D.C.’s Historic Preservation Review Board approved a roof deck for a row house near 15th and T last month, but not before a few members lamented ever setting a precedent of allowing them in the first place.
In the Dupont, Logan and U Street historic districts, there are a wide variety of decks on the backs and tops of row houses. The practice for many years has been to deny additions to row houses that are visible from in front of the house but to be much more permissive about changes on the alley side.
Following that precedent, Historic Preservation Office staff reviewer Kim Elliott recommended the board approve the deck.
However, Elliott also noted that unlike on some blocks, all of the two-story row houses here have the same, uninterrupted roof line from the back (as well as the front). The 3-foot high railing for this deck would create a pop-up effect from the rear. Elliott pointed out that the board started allowing roof decks some years ago, setting a precedent.
The Historic Preservation Review Board ultimately agreed with Elliott and approved the deck, though Bob Sonderman suggested making the owner shrink the deck a few more feet by pushing the railing away from the rear of the house.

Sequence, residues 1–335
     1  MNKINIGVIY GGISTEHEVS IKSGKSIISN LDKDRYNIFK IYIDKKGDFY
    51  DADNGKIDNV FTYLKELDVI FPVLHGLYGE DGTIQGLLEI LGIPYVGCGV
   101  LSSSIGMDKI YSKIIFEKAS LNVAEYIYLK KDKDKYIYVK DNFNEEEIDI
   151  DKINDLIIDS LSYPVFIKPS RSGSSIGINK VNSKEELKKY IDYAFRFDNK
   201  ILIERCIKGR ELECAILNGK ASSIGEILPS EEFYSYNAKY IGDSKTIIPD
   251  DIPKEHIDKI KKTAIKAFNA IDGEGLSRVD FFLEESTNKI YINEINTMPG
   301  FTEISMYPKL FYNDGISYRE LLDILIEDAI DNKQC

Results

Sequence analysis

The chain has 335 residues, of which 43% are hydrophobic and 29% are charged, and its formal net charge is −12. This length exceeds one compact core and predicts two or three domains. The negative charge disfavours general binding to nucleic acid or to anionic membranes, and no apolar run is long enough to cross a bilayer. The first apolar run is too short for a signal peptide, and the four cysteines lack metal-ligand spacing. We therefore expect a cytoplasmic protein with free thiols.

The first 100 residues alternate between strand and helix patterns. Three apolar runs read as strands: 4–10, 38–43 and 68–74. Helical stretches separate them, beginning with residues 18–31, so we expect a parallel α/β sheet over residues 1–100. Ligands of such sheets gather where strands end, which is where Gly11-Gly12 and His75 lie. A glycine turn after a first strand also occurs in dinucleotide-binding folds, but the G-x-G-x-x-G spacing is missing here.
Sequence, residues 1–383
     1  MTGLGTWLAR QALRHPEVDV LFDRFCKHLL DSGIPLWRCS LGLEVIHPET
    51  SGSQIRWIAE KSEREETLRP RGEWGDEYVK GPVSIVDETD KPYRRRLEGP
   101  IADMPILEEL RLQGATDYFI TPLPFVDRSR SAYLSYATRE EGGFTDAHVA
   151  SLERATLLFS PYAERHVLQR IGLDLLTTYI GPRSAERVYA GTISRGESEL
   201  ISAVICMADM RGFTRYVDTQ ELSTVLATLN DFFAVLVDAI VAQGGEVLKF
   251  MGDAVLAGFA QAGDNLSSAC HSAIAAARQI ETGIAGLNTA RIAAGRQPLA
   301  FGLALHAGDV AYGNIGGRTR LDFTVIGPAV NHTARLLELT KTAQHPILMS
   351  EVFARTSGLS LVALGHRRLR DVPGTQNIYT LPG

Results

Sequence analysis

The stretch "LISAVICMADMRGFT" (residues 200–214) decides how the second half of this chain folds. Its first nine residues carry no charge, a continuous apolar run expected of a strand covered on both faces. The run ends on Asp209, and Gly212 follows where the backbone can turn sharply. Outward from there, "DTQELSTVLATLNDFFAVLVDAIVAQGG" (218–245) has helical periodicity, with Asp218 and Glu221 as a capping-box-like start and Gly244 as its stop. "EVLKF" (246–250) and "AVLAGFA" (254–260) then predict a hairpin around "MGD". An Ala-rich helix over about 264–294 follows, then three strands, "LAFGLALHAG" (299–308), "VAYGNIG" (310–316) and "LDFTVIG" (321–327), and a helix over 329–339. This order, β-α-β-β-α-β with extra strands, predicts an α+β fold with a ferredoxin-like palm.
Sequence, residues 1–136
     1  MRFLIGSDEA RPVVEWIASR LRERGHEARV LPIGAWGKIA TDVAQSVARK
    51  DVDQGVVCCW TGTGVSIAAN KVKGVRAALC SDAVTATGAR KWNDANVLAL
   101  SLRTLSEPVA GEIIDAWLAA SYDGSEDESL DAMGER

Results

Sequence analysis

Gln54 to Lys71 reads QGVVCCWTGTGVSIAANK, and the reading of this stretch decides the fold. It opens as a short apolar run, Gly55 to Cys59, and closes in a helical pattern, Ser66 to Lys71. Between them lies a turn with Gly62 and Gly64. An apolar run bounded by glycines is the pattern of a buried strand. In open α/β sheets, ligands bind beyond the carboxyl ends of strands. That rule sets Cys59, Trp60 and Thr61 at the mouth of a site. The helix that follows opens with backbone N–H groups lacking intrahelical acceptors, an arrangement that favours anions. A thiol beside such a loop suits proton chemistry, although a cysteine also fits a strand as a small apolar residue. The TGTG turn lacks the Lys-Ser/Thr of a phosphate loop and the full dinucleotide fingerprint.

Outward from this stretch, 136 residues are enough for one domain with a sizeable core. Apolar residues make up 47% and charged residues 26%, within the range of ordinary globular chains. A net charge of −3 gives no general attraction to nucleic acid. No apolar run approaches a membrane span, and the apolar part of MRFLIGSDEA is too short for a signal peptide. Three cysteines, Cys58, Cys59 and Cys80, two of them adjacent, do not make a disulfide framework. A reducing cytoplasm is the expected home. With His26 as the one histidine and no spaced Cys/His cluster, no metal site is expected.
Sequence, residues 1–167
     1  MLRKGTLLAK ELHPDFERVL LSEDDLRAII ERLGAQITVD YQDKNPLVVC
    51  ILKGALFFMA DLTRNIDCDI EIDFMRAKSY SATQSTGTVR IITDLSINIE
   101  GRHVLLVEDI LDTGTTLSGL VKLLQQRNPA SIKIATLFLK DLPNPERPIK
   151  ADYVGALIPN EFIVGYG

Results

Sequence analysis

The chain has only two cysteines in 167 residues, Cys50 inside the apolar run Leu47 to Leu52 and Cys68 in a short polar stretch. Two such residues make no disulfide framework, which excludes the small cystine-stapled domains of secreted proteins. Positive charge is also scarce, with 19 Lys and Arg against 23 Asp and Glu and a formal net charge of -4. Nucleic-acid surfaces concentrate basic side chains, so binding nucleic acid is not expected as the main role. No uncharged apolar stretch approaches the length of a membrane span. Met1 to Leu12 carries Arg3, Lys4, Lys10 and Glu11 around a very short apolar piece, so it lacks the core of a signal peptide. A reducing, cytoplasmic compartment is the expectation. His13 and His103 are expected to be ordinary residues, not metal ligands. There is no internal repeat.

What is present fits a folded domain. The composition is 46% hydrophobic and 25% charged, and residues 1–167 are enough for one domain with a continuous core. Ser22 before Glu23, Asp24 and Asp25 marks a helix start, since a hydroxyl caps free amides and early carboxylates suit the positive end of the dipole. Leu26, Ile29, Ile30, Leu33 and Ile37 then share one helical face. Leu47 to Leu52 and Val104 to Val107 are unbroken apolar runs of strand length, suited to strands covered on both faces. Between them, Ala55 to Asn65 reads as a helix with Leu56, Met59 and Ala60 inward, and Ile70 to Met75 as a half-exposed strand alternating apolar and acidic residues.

Members Graham Davidson, an architect at Hartman-Cox, and Nancy Metzger, formerly with the Capitol Hill Restoration Society, both wondered if the board might have made a mistake allowing roof decks in the first place. The pair have been consistently skeptical of buildings and have pushed hardest for changes such as removing floors from new buildings.
At the board’s recent meeting, Davidson noted that many of these decks are fairly “poorly built” and “clunky,” because people are trying to get them done at low cost. He’d like to “improve the quality of alleys” throughout the city. That’s a worthy impulse, but why do many preservationists thus feel that the solution is to reject the decks or shrink them toward invisibility?
David Alpert is founder and editor of Greater Greater Washington. The Local Blog Network is a group of bloggers from around the D.C. region who have agreed to make regular contributions to All Opinions Are Local.